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New TV show casts lead as conservative
Posted By -NO AUTHOR- On 03/05/2004 @ 1:00 am In Front Page | Comments Disabled
A television producer tired of seeing conservatives portrayed as zealots and “boobs” has helped create a new animated series featuring a journalist “passionate about the right-wing cause.”
“This Just In,” debuting March 14 on Spike TV at 10:30 p.m. Eastern and Pacific, will feature freelance columnist Brian Newport, tabbed as a Matt Drudge-like figure who “says what everybody’s thinking” with “no filter.”
“This Just In” lead character Brian Newport (Courtesy Spike TV)
The cartoon character, according to Spike TV, notably won an award for a column titled “If Ann Coulter is a man, then I don’t want to be straight!”
The comedy series uses the Flash digital animation process to enable each episode to be written and produced the week it airs.
The plots will play off current topics in politics and pop culture, and there will be frequent mention of political figures, said co-producer, head writer and the voice of Newport, Steve Marmel.
“If they’re in the news, they are on the show,” Marmel told WorldNetDaily.
“Ted Kennedy is all over the first one,” he said “It does take place in a bar, and where there is liquor there is Kennedy.”
A promo for the show says the first episode also will include timely plotlines about the presidential election and voter apathy.
Marmel said the character Newport’s view of the world is a lot like his own, noting his comedy stand-up routine, which the “The Tonight Show” has featured, is right of center.
“Traditionally on TV,” Marmel said, conservatives are unfairly portrayed as “boobs or zealots.”
“This Just In” character Brian Newport with best friend Jimmy Townhouse (Courtesy Spike TV)
Newport, in his late twenties, hangs out with buddies Craig Tindle, a “house-husband,” and Jimmy Townhouse, a teacher, described as Newport’s best friend and a moderate Democrat who “constantly has to apologize for his pal’s occasionally over-the-top opinions and actions,” according to a description on the Spike TV website.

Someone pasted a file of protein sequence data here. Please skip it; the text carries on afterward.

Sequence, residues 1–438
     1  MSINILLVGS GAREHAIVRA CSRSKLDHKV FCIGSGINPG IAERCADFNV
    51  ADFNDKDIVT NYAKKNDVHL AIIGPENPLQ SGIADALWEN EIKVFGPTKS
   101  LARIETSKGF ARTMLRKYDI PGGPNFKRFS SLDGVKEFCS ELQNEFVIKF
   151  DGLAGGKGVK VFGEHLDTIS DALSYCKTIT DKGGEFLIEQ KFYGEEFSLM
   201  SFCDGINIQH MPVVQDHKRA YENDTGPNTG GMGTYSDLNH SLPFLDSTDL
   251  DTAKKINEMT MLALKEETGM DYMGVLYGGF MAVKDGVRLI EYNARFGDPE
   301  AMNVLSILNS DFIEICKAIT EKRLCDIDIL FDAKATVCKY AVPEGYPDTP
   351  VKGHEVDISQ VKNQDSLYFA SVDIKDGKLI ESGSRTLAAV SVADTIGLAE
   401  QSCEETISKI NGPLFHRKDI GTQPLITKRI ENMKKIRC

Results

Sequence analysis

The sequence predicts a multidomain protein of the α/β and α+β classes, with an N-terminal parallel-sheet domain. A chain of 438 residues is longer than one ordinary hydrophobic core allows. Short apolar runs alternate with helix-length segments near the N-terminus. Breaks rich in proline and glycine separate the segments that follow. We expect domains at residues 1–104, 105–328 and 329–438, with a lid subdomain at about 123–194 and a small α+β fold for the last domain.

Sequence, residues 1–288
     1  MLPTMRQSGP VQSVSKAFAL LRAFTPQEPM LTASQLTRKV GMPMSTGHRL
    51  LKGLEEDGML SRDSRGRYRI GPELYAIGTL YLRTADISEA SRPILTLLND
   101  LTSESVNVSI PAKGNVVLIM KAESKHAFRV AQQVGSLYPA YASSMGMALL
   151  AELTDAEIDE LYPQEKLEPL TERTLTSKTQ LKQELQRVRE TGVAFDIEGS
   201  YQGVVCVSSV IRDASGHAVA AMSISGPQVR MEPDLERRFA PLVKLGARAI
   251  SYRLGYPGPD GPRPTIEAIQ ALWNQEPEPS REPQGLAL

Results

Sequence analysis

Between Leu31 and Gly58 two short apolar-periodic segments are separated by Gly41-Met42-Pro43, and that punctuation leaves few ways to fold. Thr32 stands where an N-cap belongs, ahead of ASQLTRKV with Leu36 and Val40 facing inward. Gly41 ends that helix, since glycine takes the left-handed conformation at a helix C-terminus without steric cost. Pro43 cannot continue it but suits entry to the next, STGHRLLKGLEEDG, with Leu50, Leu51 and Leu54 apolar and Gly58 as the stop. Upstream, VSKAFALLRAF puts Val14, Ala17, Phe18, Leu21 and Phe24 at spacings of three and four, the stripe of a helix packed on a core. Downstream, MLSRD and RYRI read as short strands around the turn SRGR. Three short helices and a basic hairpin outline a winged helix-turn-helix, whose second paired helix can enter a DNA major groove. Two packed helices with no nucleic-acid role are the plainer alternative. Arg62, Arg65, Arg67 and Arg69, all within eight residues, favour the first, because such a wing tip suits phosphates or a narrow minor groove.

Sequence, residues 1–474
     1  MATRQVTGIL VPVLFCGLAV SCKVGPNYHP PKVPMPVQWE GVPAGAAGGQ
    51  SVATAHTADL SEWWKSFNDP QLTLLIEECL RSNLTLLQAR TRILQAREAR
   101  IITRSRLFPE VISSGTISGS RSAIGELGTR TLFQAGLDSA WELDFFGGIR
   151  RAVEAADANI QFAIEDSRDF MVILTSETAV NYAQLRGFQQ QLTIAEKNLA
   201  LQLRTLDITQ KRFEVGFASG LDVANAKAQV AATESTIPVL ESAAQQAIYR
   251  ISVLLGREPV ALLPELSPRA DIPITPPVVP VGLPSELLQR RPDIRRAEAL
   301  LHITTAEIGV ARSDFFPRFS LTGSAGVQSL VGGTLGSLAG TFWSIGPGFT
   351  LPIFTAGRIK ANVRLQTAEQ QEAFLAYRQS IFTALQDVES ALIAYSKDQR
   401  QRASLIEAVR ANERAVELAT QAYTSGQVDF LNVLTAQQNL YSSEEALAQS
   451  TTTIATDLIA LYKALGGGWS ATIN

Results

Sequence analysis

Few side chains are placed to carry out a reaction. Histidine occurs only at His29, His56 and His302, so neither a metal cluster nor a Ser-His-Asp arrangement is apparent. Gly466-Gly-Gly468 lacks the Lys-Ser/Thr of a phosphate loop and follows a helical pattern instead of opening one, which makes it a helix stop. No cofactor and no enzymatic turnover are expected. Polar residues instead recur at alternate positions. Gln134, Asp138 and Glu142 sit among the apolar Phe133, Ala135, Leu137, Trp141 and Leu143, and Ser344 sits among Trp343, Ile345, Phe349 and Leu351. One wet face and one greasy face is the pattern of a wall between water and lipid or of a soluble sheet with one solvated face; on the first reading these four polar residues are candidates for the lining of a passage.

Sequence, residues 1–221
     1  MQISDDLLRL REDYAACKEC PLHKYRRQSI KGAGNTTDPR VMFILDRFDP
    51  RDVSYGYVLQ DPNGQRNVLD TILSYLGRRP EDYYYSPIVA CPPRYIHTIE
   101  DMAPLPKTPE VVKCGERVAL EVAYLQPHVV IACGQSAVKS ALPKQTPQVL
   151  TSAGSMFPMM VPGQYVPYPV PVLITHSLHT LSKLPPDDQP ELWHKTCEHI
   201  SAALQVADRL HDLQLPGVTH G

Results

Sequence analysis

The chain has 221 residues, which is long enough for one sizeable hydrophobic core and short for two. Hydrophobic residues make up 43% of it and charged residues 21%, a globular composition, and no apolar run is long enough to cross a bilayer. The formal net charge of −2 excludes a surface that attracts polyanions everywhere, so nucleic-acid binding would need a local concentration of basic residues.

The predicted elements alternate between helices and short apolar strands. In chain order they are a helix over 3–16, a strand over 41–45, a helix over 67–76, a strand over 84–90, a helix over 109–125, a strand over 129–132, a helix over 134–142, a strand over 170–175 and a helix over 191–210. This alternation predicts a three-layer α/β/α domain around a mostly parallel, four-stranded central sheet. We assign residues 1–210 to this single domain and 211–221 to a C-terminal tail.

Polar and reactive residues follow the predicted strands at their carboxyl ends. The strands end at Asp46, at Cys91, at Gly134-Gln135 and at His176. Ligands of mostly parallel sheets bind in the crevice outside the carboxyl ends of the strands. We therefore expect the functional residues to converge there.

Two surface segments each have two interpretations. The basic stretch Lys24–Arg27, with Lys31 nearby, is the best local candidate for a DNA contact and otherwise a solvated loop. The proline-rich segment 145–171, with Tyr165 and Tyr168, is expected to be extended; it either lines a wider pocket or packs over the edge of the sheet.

The lead character, says Spike TV, is “outspoken, opinionated, unabashedly politically conservative and quick to crack an inappropriate joke.” Newport “is both the center of the hurricane and the cause of it. A speak first, think second, apologize eventually kind of guy … you can always count on Newport to either say what everybody’s thinking, or what everybody wishes he wouldn’t say at all.”
But with that description, doesn’t Newport come off as somewhat of a “boob,” cast in contrast to the refined sensibilities of his “moderate Democrat” friend?
No, says Marmel, “the jokes fall where they fall.”
“The only people who think this guy is a boob are the people who are boobs on the other side of the equation,” he said.
He also points out that with animation, the characters are pushed to extremes: “They are who they are to 1,000 percent.”
The show also includes Sami, a “smart, beautiful and ridiculously annoyingly leftist,” and Craig Tindle’s wife Hu, a neoconservative who sometimes clashes with Newport.
Marmel is producer and head writer of Nickolodeon’s hit show, “The Fairly OddParents.” His co-creator for “This Just In” is Kevin Kay, executive vice president of production and programming.
Spike TV, the former TNN, The National Network, positions itself as the first network especially for men. Part of MTV Networks, owned by Viacom, it has no relationship to filmmaker Spike Lee, who filed a lawsuit last year claiming trademark infringement.
Other original programming on Spike TV includes the animated “Stripperella,” a stripper who fights crime, voiced by Pamela Anderson.
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